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If uterine cancer spreads
Cancer cells can spread from the uterus to other parts of the body. This spread is called metastasis.
Understanding how a type of cancer usually grows and spreads helps your healthcare team plan your treatment and future care. If uterine cancer spreads, it can spread to the following:
- middle layer of the wall of the uterus (called the myometrium)
- outer layer of the uterus (called the perimetrium)
- tissues around the uterus
- fallopian tubes
- lymph nodes in the pelvis
- lymph nodes around the aorta (called para-arotic lymph nodes)
- lymph nodes above the collarbone
- abdominal cavity
- peritoneal cavity
The space between the parietal peritoneum (the membrane that lines the walls of the abdomen and pelvis) and the visceral peritoneum (the membrane that covers and supports most of the abdominal organs).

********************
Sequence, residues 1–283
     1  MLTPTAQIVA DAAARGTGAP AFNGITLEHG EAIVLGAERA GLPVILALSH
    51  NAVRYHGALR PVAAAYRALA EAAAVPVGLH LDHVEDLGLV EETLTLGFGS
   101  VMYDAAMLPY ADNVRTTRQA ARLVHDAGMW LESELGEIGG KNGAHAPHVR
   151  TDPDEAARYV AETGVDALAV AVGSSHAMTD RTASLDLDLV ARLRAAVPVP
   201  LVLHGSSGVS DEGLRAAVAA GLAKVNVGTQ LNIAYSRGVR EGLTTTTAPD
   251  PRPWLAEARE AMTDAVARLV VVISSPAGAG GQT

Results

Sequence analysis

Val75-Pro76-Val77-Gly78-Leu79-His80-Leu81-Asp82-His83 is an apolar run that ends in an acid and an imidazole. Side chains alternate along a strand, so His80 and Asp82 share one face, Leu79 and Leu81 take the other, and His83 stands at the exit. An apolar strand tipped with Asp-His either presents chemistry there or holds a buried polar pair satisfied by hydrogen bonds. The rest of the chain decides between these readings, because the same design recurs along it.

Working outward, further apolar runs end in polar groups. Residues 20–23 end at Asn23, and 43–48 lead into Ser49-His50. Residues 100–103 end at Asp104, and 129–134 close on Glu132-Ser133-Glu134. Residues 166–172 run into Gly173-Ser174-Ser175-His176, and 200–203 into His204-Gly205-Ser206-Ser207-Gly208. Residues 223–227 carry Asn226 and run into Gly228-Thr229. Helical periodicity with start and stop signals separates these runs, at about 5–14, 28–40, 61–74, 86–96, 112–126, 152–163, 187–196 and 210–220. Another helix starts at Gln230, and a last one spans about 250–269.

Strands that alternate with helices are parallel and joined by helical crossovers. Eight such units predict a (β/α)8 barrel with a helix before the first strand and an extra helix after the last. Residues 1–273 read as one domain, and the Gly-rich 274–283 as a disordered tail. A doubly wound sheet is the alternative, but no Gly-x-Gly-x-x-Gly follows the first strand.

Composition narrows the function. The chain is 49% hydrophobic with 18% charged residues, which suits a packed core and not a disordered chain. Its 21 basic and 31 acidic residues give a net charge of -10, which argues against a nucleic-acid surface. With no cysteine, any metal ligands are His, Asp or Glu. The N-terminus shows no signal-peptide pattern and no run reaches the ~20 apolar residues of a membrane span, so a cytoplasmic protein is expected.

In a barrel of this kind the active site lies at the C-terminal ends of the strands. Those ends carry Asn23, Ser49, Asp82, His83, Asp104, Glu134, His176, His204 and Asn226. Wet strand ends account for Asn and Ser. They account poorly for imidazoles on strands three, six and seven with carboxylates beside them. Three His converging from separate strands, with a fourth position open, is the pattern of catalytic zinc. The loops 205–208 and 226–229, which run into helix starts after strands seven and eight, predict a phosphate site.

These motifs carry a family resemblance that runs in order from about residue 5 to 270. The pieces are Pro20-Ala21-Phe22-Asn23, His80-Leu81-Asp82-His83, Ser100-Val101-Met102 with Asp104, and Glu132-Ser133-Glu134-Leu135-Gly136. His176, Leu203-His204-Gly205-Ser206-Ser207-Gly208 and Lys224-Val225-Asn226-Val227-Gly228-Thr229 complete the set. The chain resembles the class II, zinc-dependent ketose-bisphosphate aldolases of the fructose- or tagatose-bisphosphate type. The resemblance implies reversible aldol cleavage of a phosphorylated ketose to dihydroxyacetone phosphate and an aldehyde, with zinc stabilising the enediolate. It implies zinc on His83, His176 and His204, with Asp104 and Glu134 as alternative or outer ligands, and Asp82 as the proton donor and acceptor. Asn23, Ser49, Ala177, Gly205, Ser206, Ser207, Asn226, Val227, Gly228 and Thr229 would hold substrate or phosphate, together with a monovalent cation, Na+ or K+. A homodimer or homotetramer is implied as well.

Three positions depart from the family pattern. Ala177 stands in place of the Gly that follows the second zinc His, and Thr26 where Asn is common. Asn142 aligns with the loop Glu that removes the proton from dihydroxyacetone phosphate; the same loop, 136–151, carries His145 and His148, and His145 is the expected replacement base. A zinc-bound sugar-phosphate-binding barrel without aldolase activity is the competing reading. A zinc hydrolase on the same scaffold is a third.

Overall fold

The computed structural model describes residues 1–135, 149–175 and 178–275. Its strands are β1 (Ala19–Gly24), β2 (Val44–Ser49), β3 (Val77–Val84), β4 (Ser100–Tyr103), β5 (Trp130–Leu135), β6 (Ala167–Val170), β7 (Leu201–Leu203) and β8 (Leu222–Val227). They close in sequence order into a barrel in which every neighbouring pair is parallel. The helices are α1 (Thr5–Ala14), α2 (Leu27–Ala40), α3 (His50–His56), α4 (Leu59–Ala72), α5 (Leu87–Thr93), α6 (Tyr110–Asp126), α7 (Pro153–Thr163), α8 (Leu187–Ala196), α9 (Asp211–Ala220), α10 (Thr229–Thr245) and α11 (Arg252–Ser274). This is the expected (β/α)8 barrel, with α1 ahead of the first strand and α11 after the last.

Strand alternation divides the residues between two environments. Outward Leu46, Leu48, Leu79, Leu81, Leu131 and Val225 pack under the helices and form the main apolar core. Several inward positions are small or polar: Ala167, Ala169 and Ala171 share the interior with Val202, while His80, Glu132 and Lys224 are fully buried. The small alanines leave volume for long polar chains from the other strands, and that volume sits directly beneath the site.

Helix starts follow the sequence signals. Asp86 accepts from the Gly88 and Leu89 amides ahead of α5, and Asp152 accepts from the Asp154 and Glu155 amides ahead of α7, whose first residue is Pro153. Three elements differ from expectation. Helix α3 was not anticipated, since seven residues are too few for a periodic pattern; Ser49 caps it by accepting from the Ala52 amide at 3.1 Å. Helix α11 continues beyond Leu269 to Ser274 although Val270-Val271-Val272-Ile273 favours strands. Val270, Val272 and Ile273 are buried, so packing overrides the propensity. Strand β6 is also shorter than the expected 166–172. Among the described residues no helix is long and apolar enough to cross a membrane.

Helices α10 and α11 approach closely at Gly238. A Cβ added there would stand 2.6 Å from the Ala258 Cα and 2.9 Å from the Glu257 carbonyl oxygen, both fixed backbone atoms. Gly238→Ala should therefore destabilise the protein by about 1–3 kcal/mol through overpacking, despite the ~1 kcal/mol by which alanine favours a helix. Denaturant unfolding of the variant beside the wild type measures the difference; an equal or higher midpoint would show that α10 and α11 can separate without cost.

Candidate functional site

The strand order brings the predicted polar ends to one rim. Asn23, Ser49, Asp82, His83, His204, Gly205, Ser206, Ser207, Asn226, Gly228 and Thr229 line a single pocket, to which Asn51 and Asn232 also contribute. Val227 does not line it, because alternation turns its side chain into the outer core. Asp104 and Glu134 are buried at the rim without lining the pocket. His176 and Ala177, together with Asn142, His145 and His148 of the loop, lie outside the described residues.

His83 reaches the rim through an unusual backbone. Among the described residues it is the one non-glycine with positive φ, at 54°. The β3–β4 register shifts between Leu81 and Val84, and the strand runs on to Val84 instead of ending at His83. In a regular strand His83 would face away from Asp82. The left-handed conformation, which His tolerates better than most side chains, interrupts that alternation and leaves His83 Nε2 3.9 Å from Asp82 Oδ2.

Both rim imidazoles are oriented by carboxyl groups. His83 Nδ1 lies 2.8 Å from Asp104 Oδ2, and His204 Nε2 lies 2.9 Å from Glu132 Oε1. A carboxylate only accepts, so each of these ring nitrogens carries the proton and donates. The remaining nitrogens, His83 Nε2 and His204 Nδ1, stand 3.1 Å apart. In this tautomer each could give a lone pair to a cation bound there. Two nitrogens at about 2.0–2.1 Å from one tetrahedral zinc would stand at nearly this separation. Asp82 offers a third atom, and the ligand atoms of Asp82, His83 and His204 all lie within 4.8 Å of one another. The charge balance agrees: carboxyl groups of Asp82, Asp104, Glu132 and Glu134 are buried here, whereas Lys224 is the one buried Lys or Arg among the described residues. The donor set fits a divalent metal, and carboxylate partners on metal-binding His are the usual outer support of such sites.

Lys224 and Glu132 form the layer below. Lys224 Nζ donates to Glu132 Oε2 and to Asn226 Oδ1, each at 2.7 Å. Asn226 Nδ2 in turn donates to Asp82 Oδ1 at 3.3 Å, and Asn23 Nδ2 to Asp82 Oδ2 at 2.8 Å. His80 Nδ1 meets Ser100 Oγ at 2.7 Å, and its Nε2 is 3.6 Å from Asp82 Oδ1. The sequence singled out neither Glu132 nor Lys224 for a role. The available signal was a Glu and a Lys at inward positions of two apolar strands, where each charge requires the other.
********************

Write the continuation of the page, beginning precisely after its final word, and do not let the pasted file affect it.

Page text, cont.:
A fold in the peritoneum (the membrane that lines the walls of the abdomen and pelvis) that covers and supports organs and blood vessels in the abdomen.
The greater omentum hangs down from the bottom of the stomach, covers the small intestine and attaches to the transverse colon (the middle section of the large intestine). The lesser omentum is attached to the top of the stomach and bottom of the liver.
Research at the Canadian Centre for Applied Research in Cancer Control led to a new standard in leukemia testing.
How can you stop cancer before it starts?
Discover how 16 factors affect your cancer risk and how you can take action with our interactive tool – It’s My Life! Presented in partnership with Desjardins.